The following day, Frank agreed to travel an extra long day to get to our next serviced campground and skip the boondock spot so I could watch the Part 2 Results Idol show.  What a guy!   It was with relief that we pulled into Yogi Bear Jellystone Park in Cheney, WA.  

It was lush with every shade of evergreen flora and fragrant with piney smells--quite attractive but a satellite would NEVER find us through the dense forest!  On check-in, I learned that my reservation service had mistakenly misrepresented the size of our rig, so I sweetly informed the nice lady at the front desk about the correct size and requested one of the pullthru sites which were in a clearing and appeared to be satellite-capable.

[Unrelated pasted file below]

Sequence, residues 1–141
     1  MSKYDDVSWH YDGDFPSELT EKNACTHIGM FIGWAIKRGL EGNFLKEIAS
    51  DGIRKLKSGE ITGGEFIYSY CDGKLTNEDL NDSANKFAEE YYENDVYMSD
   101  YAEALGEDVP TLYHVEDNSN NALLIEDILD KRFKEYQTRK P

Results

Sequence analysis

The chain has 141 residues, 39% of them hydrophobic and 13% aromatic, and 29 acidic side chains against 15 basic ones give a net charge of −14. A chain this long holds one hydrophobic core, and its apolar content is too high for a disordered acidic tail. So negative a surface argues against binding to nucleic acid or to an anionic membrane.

She looked over her snooty pignose and prissily stated that she would "have" to put us in a back-in site (despite the fact that the park was half empty on a Wednesday at 4PM).  She is one of those rare people I instantly want to bitchslap and, I commented what a huge job waited for her later that day when hordes of campers arrived to fill the park!  She then lied through her teeth and informed me that people were arriving early to "beat the rain" forecast for the Memorial Day weekend.   I asked her if the site she "had" to put me on had cable and instant phone (for those not familiar with the term, it is having full phone service inside your coach so you can make and receive calls and slowly navigate the internet on dialup) and she replied that it did.